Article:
He warned that persons who persisted in violent behaviour and criminal enterprise would be brought to justice with the appropriate force.
Meanwhile Opposition Spokesman on Justice, Delroy Chuck in his greetings, said improved police-citizen relations were necessary in the fight against crime. He emphasized the importance of community policing inherent to which was mutual trust and understanding.Mr. Chuck pointed out that it was not only important that the rules contained in the booklet be known by both citizens and police alike but that they be followed so as to allow justice to be administered.
He said a clear message must be sent to the criminals across the country that the cooperation between the police and citizenry would allow no leeway for their unlawful activities.
At the same time however, Mr. Chuck added that it was important for police officers to realize that “every single individual in (the) country has rights and obligations and appreciate that he has a duty and an obligation to give respect and dignity to every single individual whether criminal or innocent. Let the law take its course,” Mr. Chuck stated.
In his remarks, Opposition Spokesman on National Security, Derrick Smith, said it was important that all officers and citizens alike be aware of the contents of the document and consequently their rights. He challenged the media to play their part in disseminating the information.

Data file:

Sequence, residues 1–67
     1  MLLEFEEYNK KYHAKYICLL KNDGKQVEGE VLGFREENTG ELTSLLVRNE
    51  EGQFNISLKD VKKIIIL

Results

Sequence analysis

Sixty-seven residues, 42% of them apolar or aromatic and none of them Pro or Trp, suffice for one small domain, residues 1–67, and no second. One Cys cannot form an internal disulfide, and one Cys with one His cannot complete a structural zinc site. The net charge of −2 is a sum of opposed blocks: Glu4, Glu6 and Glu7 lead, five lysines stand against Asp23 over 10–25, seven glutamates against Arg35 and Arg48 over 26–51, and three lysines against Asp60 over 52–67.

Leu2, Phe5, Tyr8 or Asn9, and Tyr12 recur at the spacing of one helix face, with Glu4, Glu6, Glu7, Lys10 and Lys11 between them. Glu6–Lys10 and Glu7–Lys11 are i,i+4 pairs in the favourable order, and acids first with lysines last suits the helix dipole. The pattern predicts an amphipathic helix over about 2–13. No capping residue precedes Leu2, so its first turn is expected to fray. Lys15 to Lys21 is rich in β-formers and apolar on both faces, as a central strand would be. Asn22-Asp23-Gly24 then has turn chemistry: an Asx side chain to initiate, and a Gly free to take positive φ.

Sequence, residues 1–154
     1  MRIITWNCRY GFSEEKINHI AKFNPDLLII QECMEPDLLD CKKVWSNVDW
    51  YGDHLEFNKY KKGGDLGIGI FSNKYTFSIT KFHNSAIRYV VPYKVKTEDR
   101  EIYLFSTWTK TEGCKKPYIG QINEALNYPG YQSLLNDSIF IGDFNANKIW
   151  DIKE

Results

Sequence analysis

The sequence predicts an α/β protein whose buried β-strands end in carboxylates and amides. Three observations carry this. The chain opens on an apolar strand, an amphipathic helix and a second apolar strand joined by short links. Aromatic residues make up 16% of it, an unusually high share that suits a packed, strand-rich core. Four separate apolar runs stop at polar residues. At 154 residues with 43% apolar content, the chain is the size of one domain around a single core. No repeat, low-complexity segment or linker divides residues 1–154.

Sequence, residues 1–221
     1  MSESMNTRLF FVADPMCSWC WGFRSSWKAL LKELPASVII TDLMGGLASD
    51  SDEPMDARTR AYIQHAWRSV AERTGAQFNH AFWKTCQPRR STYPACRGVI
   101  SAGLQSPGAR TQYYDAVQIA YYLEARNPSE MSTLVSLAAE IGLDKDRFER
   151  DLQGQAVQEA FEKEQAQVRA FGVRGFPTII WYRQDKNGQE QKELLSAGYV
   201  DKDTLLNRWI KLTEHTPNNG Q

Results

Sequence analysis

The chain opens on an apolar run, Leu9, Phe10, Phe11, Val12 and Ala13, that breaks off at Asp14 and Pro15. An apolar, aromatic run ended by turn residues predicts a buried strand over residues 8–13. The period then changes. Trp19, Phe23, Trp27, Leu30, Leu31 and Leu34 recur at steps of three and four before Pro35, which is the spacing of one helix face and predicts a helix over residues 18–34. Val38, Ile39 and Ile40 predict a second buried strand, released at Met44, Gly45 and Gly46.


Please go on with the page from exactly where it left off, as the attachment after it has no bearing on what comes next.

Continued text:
Speaking on behalf of Commissioner of Police Francis Forbes, Deputy Commissioner of Police Lucius Thomas, said the importance of the code of conduct had been realized in the thrust towards improved community relations and consequently the fight against crime, and had been institutionalized to form a part of the syllabus of the promotional examination that members of the force are required to sit.
He said the intention was to have this knowledge displayed on the streets by officers on duty and reinforced the dedication of the Police High Command to engender greater accountability on the part of the police and to improve the quality of the service given by members of the Jamaica Constabulary Force.
Chairman of the Inner-City Development Committee, Sameer Younis said the booklets would be disseminated widely and mentioned that it was hoped following future discussions with the Ministry of Education that the code would become a part of the curriculum for secondary and primary schools.
The booklets will be disseminated across the island and will be available for purchase at a cost of $100.
The code was first published in November 2000 following a 1998 workshop held by the Inner-City Development Committee for the leadership of inner-city communities in Kingston, St. Andrew, St. Thomas and St. Catherine, where it was discovered that the relationship between members of the security forces and the citizenry was extremely poor and further aggravated by inadequate knowledge of rights on the part of the citizens. It also brought out the need to remind members of the security forces of their professional duties and responsibilities under the law.

Skip to content